Pet feces are typically easier to deal with than urine. Solid deposits can be removed with paper towel or plastic bag. Clean the area with a solution of ½ teaspoon of dishwashing detergent with one cup cold water and blot. Rinse with water and blot. For loose feces or diarrhea scrape up all that is possible and then blot. It is important to remove as much as possible before adding any cleaner. Clean area with above detergent solution, blot, then rinse with water and blot. Do small areas (3”circles) at a time to prevent spreading. Pet vomit should be treated the same as feces. Due to food dyes and and stomach acids, staining can easily occur.

Please note that the use of any cleaner including water may cause color bleed and/or texture distortion. It is recommended to test all cleaners in an inconspicuous area to determine suitability.

Set in or dried stains and spots should be examined by qualified experts like our professionals at Oriental Rug Cleaner. Contact us today for an evaluation of your rug’s needs.


Shading/Pile Reversal

The terms shading and pile reversal are often used interchangeably and refer to a condition where certain areas of a rug’s surface yarns lay in a different direction than adjacent yarns. This results in light and dark areas on the rugs surface.

The pile yarns of a rug have a natural direction or lay to them much like velvet or suede. When new, all the yarns lean to the bottom of the rug, which is the end where the weaving began. Light reflectance can differ depending on which end of the rug you’re looking at. Looking from the bottom of the rug towards the opposite or top end, the rug will appear darker than looking from the top end to the bottom end. On short piled rugs the difference may be slight but on many rugs the difference can be quite dramatic. The reason is simple. When looking into the pile, where the yarns point toward you, more light is absorbed making the rug appear darker. When looking across the pile, where the yarns point away from you, more light is reflected making the rug appear brighter.

Shading or pile reversal occur as the rug wears. Traffic patterns and pivot areas develop, causing certain areas of the rugs’ pile direction to reorient. At this point the light reflectance across the rug is no longer uniform and light and dark areas begin to appear. Soiling on the rug can help obscure pile reversal so sometimes the rug owner may not notice this until after a thorough washing. In addition, the rug could be reversed or furniture placement changed after the rug is returned from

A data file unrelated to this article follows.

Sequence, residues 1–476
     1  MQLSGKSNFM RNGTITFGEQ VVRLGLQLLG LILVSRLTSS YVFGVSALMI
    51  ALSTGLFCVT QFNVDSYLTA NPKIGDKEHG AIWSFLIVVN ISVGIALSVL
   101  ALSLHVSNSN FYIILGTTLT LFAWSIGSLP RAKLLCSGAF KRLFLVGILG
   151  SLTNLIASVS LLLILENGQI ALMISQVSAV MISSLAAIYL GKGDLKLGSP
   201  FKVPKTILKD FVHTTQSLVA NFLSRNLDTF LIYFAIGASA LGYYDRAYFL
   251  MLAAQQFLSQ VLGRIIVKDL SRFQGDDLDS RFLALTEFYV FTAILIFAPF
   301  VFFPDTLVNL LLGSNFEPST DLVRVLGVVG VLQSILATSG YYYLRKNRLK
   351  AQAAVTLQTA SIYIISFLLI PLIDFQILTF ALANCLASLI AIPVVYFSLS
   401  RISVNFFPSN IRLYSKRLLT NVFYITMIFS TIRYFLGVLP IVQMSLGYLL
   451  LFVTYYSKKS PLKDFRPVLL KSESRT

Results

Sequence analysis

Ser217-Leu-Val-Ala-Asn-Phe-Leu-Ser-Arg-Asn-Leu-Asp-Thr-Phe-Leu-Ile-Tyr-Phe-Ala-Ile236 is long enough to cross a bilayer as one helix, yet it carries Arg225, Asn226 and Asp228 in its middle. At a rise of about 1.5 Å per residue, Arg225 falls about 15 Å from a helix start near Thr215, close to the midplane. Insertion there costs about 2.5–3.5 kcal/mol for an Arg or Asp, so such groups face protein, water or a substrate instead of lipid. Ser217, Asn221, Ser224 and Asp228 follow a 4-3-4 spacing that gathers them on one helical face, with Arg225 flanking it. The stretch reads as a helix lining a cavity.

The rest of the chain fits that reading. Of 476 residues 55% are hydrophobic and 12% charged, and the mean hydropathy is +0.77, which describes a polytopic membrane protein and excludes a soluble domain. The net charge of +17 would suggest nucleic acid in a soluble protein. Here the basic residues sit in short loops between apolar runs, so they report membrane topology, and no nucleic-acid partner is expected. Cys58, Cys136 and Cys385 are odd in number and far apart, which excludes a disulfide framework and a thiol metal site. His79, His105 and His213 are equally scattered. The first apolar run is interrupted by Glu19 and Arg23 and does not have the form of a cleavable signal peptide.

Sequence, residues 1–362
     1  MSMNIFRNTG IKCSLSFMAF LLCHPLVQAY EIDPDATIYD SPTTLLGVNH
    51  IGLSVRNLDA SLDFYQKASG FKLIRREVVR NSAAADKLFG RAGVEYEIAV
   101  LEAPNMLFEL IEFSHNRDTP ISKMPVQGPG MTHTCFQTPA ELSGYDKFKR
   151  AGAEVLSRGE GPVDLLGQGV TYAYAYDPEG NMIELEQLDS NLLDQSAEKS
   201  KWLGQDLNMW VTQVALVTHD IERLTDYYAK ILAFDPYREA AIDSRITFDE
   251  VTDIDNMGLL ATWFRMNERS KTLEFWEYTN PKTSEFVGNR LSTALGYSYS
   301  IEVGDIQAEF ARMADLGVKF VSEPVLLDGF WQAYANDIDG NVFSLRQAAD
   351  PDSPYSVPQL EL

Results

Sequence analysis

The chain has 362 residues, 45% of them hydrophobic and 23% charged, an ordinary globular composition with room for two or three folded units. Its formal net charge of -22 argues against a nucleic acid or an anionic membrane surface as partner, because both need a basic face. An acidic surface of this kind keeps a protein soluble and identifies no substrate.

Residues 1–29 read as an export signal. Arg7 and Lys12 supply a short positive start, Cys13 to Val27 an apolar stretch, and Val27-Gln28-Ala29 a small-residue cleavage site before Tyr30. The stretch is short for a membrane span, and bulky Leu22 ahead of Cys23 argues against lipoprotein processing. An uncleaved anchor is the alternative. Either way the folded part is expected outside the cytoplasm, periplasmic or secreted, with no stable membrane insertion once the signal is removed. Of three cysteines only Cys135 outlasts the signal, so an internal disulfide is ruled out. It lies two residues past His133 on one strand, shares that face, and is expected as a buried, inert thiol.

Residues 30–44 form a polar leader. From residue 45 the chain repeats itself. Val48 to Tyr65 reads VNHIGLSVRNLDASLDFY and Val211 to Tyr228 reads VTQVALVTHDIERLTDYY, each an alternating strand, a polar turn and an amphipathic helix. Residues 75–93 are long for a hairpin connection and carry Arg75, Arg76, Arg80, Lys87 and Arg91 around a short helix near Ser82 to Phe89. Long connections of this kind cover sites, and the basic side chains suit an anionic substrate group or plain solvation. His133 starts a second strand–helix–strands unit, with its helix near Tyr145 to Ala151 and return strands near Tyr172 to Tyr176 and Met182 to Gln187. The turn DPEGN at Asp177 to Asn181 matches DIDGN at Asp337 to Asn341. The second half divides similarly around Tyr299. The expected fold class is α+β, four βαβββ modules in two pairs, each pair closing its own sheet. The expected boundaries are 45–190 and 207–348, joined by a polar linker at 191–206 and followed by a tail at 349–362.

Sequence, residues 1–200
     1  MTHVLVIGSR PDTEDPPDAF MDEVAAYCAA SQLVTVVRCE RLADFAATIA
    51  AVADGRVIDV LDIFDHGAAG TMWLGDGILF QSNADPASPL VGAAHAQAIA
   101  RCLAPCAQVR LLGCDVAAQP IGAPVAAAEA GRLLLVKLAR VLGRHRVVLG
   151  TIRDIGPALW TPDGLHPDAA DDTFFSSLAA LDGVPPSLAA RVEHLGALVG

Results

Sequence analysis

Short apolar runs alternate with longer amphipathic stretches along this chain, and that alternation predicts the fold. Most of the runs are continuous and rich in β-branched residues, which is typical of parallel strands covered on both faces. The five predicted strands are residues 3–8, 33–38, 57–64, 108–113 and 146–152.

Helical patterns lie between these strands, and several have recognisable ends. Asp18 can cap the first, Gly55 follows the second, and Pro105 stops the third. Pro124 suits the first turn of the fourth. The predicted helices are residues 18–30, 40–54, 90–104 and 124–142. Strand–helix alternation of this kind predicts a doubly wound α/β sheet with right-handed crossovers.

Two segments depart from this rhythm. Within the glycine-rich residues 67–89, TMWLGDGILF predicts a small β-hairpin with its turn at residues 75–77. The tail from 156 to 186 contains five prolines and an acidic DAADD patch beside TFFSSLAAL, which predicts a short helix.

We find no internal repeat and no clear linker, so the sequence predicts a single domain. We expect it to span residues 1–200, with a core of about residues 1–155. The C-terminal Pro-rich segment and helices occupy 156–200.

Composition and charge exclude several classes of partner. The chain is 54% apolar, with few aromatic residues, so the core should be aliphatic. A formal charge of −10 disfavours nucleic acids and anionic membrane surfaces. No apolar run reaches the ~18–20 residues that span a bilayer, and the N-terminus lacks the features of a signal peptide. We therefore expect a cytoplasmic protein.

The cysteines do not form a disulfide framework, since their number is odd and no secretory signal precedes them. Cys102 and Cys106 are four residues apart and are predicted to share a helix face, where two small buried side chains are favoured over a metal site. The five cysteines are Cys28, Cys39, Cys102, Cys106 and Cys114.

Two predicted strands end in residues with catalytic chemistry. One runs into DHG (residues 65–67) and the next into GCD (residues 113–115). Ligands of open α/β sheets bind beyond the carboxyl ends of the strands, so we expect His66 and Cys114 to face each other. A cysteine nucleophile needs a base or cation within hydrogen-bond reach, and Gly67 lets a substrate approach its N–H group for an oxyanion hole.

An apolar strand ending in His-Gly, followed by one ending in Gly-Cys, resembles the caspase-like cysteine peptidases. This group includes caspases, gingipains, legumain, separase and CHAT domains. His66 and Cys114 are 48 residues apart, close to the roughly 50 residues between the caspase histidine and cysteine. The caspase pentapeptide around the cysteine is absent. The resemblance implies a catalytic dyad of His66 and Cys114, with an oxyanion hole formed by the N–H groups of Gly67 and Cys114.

cleaning, revealing areas of shading previously hidden from view.


Rug Shrinkage

Dimensional changes in hand woven rugs are a natural and expected occurrence. Rugs are woven under tension, mostly uneven tension. When these rugs are walked on or exposed to moisture, these foundational tensions can change sometimes resulting in shrinkage.

The foundation or backing of a hand woven rug is comprised of warp and weft yarns mostly made from cotton, wool, or silk. The warp yarns run the length of the rug and are placed on the loom under great tension. The warp yarns travel side to side going over and under the warp yarns. When the rug is wet these yarns will swell and this causes the yarns to contract which in turn causes the rug to shrink. Most of the time, this is not really noticeable. One reason for this is virtually every rug is washed before it goes to market, so future washings result in minimal shrinkage. Another factor is the density of the pile yarns. A more densely knotted rug typically has less shrinkage.

Some rugs may experience more significant and or uneven shrinkage. This almost assuredly has happened after its post weaving wash. However after the wash the rug was blocked, a process where the rug is stretched then wet on the back and fixed under tension to dry. So now when the rug is washed for cleaning it simply rebounds to its previous state. Oriental Rug Cleaner can evaluate the condition of your rug to determine whether or not we can re-block the rug to a satisfactory result.